TV Everywhere, Naming Rights, Licensing: Law At The Intersection Of Sports And Technology

Friday, January 20, 2012 - 11:03
Robert E. Freeman

Robert E. Freeman

The Editor interviews Robert E. Freeman, Partner, Proskauer.

Editor: Rob, please tell us about your professional background.

Freeman: I started my career as an intellectual property and antitrust litigator. After five or six years, I decided to shift gears and focus on developing a transactional practice. Litigation was fantastic training and gave me the perspective to focus on what's really important when negotiating deals. I see attorneys all the time who have not had any litigation experience and who spend too much time focusing on unimportant issues, which wastes time and their (and my) client's money.

Today, I am a partner in Proskauer’s Corporate Department and a member of the Sports and the Technology, Media and Communications practice groups. My practice focuses on intellectual property-related transactions in media and sports. I also have handled every type of technology-related transaction, from software development and licensing to outsourcing, technology JVs and acquisitions. Much of my day is now spent on TV-related deals, including carriage agreements between major cable, satellite and telco distributors and networks like Disney/ESPN, Fox and Viacom. This naturally causes me to be involved in rights issues and disputes involving all of the available platforms for distributing content. Many of my deals involve sports content, and I have handled many negotiations with the national and regional sports networks. I have also represented any number of sports technology companies in all aspects of their business and have handled a wide variety of sports and arts-related sponsorship and licensing matters.

Editor: I understand you recently represented Lagardère in its acquisition of Gaylord Sports Management. Would you describe this deal?

Freeman: Based in France and one of the largest media companies in the world, Lagardère in 2009-2010 entered the United States sports market through its significant acquisition of the sports management agency Blue Entertainment Sports Television, or BEST. In doing so they acquired a number of agents prominent primarily in tennis and football and, to a lesser extent, basketball. Close to that time Lagardère also acquired Saddlebrook, a resort-like training facility for premier athletes. The strategic acquisition of Gaylord extends Lagardère’s presence in the U.S. sports industry and, in particular, in the golf industry. Gaylord has represented Phil Mickelson for most if not all of his career, along with many other top athletes in a number of sports. Furthermore, the acquisition gives Lagardère an entry into golf course design, as Mickelson and his managers have been increasingly focused on developing the Mickelson design brand.

Editor: Please walk us through one or two of the sports media rights agreements you have worked on.

Freeman: I have been involved in many of the largest and most complicated sports television deals. As one example, in 2010, I represented a major cable operator in its negotiations with Disney/ESPN covering all of Disney/ESPN's broadcast, cable and online products and programming services. The result was one of the first "TV Everywhere" deals in the industry and, at the time, was truly groundbreaking. More recently, I have just completed the renewal of a major RSN carriage deal and have been advising a client who is heavily involved in the college sports content space regarding conference realignment issues.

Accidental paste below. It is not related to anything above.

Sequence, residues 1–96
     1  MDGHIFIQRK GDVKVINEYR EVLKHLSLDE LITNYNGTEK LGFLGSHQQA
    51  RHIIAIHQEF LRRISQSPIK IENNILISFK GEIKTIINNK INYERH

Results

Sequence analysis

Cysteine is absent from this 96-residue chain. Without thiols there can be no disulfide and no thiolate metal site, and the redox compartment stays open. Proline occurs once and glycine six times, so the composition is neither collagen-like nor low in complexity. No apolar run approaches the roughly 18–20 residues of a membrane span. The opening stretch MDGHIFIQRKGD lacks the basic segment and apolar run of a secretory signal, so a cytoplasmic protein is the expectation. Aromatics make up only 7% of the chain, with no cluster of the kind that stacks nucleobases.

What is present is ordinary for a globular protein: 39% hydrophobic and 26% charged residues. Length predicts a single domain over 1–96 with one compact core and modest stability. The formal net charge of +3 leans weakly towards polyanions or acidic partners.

Editor: Describe some of the legal issues for networks, Internet/cable providers and sports franchises when writing contracts regarding “TV Everywhere.”

Freeman: “TV Everywhere” basically refers to getting content onto the best available screen, including iPhones, iPads, computers, laptops, Droids etc. The issues surrounding it are not new; they are similar to the issues faced whenever new technologies come on the scene. In particular, parties on both sides of the aisle – both content owners and distributors – must consider whether they have the necessary rights to distribute the content at issue over the many platforms and to the many devices that are now available. I would say the entertainment side of the house has been slower to move into the TV Everywhere space than has the sports side.

Much of this is being driven by rights issues. Sports networks – particularly ESPN – have been very aggressive at making sure they get all of the necessary rights from their league and team partners to deploy a multi-screen strategy. Entertainment networks that do not produce their own content have, to date, been less successful at securing digital rights and often must deal with older rights agreements that are either unclear about Internet or digital rights or expressly hold them back. So, a particular show that airs on an entertainment network may only be licensed to be distributed via cable or broadcast television and only for a limited window. Along with the challenge of monetizing content, rights issues probably comprise the greatest stumbling block to TV Everywhere for entertainment networks.

Editor: Because television and film don’t have the time stamp that sports events do, does their value change less over time?

Freeman: Yes, compared with sports content, entertainment content has a much longer shelf life. Consumers will watch a particular episode of “Modern Family,” for example, weeks after the episode originally aired, and it doesn't lose its impact. In contrast, sports fans live and die for live games. Who's going to watch a division playoff game two weeks after the fact? Not many of us. This is why live sports content is so valuable. We have seen this value skyrocket in recent rights deals. 

Editor: Interactive sports apps – some of them developed by independent, non-sanctioned entities – will likely continue to proliferate on the sports fan landscape. Do you foresee legal issues such as copyright or trademark infringement (or violations of exclusivity arrangements) arising as a result?